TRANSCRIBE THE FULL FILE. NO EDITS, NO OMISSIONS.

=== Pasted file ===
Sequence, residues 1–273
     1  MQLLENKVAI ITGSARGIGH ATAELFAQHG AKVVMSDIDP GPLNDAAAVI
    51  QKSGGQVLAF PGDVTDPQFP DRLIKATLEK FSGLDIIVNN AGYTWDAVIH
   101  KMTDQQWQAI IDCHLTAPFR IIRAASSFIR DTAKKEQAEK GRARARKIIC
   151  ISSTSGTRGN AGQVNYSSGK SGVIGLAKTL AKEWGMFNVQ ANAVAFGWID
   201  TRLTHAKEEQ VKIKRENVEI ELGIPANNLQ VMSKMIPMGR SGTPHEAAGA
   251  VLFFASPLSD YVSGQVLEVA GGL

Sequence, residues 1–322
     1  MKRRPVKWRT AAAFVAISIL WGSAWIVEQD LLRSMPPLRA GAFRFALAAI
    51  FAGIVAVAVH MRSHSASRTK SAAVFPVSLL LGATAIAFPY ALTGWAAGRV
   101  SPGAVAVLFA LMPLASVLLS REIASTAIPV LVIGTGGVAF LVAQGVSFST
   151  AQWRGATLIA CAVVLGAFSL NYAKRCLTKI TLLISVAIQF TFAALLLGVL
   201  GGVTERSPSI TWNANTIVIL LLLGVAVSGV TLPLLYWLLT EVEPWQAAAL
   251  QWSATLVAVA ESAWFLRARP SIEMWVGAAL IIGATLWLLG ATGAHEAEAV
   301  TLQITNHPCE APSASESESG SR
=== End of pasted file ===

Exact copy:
Sequence, residues 1–273
     1  MQLLENKVAI ITGSARGIGH ATAELFAQHG AKVVMSDIDP GPLNDAAAVI
    51  QKSGGQVLAF PGDVTDPQFP DRLIKATLEK FSGLDIIVNN AGYTWDAVIH
   101  KMTDQQWQAI IDCHLTAPFR IIRAASSFIR DTAKKEQAEK GRARARKIIC
   151  ISSTSGTRGN AGQVNYSSGK SGVIGLAKTL AKEWGMFNVQ ANAVAFGWID
   201  TRLTHAKEEQ VKIKRENVEI ELGIPANNLQ VMSKMIPMGR SGTPHEAAGA
   251  VLFFASPLSD YVSGQVLEVA GGL

Sequence, residues 1–322
     1  MKRRPVKWRT AAAFVAISIL WGSAWIVEQD LLRSMPPLRA GAFRFALAAI
    51  FAGIVAVAVH MRSHSASRTK SAAVFPVSLL LGATAIAFPY ALTGWAAGRV
   101  SPGAVAVLFA LMPLASVLLS REIASTAIPV LVIGTGGVAF LVAQGVSFST
   151  AQWRGATLIA CAVVLGAFSL NYAKRCLTKI TLLISVAIQF TFAALLLGVL
   201  GGVTERSPSI TWNANTIVIL LLLGVAVSGV TLPLLYWLLT EVEPWQAAAL
   251  QWSATLVAVA ESAWFLRARP SIEMWVGAAL IIGATLWLLG ATGAHEAEAV
   301  TLQITNHPCE APSASESESG SR